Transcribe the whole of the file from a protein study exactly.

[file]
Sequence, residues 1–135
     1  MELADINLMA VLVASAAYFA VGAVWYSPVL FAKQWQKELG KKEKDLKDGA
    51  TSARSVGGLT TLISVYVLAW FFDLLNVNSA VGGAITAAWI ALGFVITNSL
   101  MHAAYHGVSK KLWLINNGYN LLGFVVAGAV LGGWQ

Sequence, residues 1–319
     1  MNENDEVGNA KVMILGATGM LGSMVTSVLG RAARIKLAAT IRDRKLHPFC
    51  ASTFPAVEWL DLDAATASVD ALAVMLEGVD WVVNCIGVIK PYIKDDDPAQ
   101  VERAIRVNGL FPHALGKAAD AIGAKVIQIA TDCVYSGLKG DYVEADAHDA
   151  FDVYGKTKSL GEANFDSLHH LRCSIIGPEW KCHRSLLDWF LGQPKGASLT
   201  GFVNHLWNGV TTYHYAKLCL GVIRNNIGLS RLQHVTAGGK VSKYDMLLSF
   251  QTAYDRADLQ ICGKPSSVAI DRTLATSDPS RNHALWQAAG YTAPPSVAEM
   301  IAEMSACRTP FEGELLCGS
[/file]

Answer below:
Sequence, residues 1–135
     1  MELADINLMA VLVASAAYFA VGAVWYSPVL FAKQWQKELG KKEKDLKDGA
    51  TSARSVGGLT TLISVYVLAW FFDLLNVNSA VGGAITAAWI ALGFVITNSL
   101  MHAAYHGVSK KLWLINNGYN LLGFVVAGAV LGGWQ

Sequence, residues 1–319
     1  MNENDEVGNA KVMILGATGM LGSMVTSVLG RAARIKLAAT IRDRKLHPFC
    51  ASTFPAVEWL DLDAATASVD ALAVMLEGVD WVVNCIGVIK PYIKDDDPAQ
   101  VERAIRVNGL FPHALGKAAD AIGAKVIQIA TDCVYSGLKG DYVEADAHDA
   151  FDVYGKTKSL GEANFDSLHH LRCSIIGPEW KCHRSLLDWF LGQPKGASLT
   201  GFVNHLWNGV TTYHYAKLCL GVIRNNIGLS RLQHVTAGGK VSKYDMLLSF
   251  QTAYDRADLQ ICGKPSSVAI DRTLATSDPS RNHALWQAAG YTAPPSVAEM
   301  IAEMSACRTP FEGELLCGS